Chinese manufacturing investment in Africa is said to be the continent’s best hope “to industrialise in this generation”. But in Nigeria, growing insecurity could threaten that prospect.
The strong diplomatic relations and economic ties between China and Nigeria, which date until at least the 1970s, contributed significantly to the migration of people in both countries.
About 30% of Nigeria’s imports arise from of China, according to the Observatory of Economic Complexity. The Netherlands and India come in second and third place with 11% and 7% respectively. China is also among the country’s top export destinations.
The China Global Investment Tracker also estimates that Chinese companies invested nearly $41 billion in Nigeria in July 2021, with most of these resources channeled into transport, construction, science and technology, and energy. The international public construction company, China Civil Engineering Construction Corporation (CCECC), has almost 20,000 employees in Nigeria and is in charge of more than 120 construction projects.
Naturally, these numerous bilateral projects require the direct involvement of Chinese workers.
Data compiled by the China Africa Research Initiative shows that in 2020, there were 8,616 Chinese workers in Nigeria. This represented 8.3% of the total number of Chinese residing in Africa, second only to Algeria. Since 2012 and before the COVID-19 pandemic, the number has steadily increased, unlike other parts of the continent. The population could be more too – between 40,000 and 50,000 in 2017, according Chinese Ambassador to Nigeria Zhou Pingjian.
The safety of the citizens of the Asian country, however, remains a concern.
What the numbers say
Data collected by the Nigeria Security Tracker (NST) shows that Chinese nationals in the country have been victims of gun violence for a long time – as far back as 2012. Prior to that time, incidents involving Chinese establishments seemed would have been more frequent in southern Nigeria where the oil companies were present.
Analysis of the numbers shows that between June 2012 and June 2022, there have been at least 29 incidents leading to the murder and abduction of Chinese nationals. In another event, a kidnapping attempt was foiled by the police.
During the 10-year period, at least 12 Chinese workers were killed, mostly by local armed groups, while 39 others were kidnapped. There have also been cases where workers have been kidnapped in neighboring countries like Cameroon by terrorist groups based in Nigeria.
Other deaths were recorded between 2012 and 2014, particularly in the northeastern state of Borno. It had by then become the hotspot for the Boko Haram insurgency that erupted in 2009, making many communities unsafe for government and corporate projects.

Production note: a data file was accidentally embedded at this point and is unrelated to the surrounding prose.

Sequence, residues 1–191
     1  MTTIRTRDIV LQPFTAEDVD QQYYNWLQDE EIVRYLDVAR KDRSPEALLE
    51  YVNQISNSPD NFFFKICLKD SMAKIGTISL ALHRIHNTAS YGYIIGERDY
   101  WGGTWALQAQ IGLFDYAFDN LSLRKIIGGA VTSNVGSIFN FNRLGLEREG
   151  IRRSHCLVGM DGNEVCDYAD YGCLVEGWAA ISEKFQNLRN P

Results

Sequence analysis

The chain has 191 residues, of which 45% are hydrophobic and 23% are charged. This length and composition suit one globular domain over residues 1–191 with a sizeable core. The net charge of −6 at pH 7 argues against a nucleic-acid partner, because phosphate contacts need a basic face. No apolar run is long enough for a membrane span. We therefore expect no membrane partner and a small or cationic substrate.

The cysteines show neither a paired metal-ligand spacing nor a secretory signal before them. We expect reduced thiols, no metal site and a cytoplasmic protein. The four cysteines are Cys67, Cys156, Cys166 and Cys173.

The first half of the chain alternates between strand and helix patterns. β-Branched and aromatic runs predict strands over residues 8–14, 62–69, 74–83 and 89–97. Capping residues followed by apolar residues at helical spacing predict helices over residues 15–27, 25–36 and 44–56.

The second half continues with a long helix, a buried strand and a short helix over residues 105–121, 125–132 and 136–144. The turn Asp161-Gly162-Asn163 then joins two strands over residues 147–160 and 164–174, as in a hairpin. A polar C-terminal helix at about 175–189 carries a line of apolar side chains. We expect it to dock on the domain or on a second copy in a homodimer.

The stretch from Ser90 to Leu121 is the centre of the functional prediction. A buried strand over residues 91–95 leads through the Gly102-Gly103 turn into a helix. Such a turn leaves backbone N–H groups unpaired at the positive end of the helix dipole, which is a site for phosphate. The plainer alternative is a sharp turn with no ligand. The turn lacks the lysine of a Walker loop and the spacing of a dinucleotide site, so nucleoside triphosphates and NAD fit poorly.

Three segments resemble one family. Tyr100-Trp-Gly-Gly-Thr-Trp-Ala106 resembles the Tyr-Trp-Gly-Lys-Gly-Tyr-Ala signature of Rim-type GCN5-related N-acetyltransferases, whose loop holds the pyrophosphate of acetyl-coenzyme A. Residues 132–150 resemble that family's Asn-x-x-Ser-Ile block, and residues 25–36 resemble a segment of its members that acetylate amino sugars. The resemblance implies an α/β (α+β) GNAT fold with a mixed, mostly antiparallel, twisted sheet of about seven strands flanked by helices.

From late 2014 to the present, Chinese workers were more likely to be kidnapped than killed, with most kidnappings taking place in north-central and southwestern Nigeria.
Not all incidents are listed in the security tracker. For example, in March 2021, the Nigerian Army declared that he had secured the freedom of 14 members of a Chinese fishing boat who had been kidnapped by pirates after paying a ransom of $300,000. Ten of those abducted were foreigners, including six Chinese, three Indonesians and one Gabonese.
Although there have been no reports of attacks on Chinese expatriates since May 2014, Borno remains the state with the highest number of incidents. This is followed by Ebonyi, Nasarawa and Osun, each recording three incidents; then Ekiti, Kogi, Lagos, Niger and Taraba, where there were two incidents each. Finally, Edo, Kaduna, Osun, and Zamfara each had an incident.
The economic nature of Nigeria’s relations with China is reflected in the occupation of Chinese citizens who are victims of local armed violence: construction workers, engineers, miners, employees of oil exploration companies.
The various violent incidents have also resulted in the deaths of security personnel, many of whom serve as escorts for company personnel. At least 10 security guards were killed between 2012 and 2022 during the events studied by HumAngle.
Although there are no official statistics to support this, a review of news reports suggests that Chinese nationals make up a larger portion of the foreigners who have been caught up in the local conflict web. Others include citizens of Burkina Faso, France, Ghana, India, Italy, Lebanon, United Kingdom, and United States, among others.
High level concerns, delayed projects
The rise of insecurity in Nigeria has, for a long time, has been a source of concern for the Chinese authorities, who have offered peacebuilding and military support.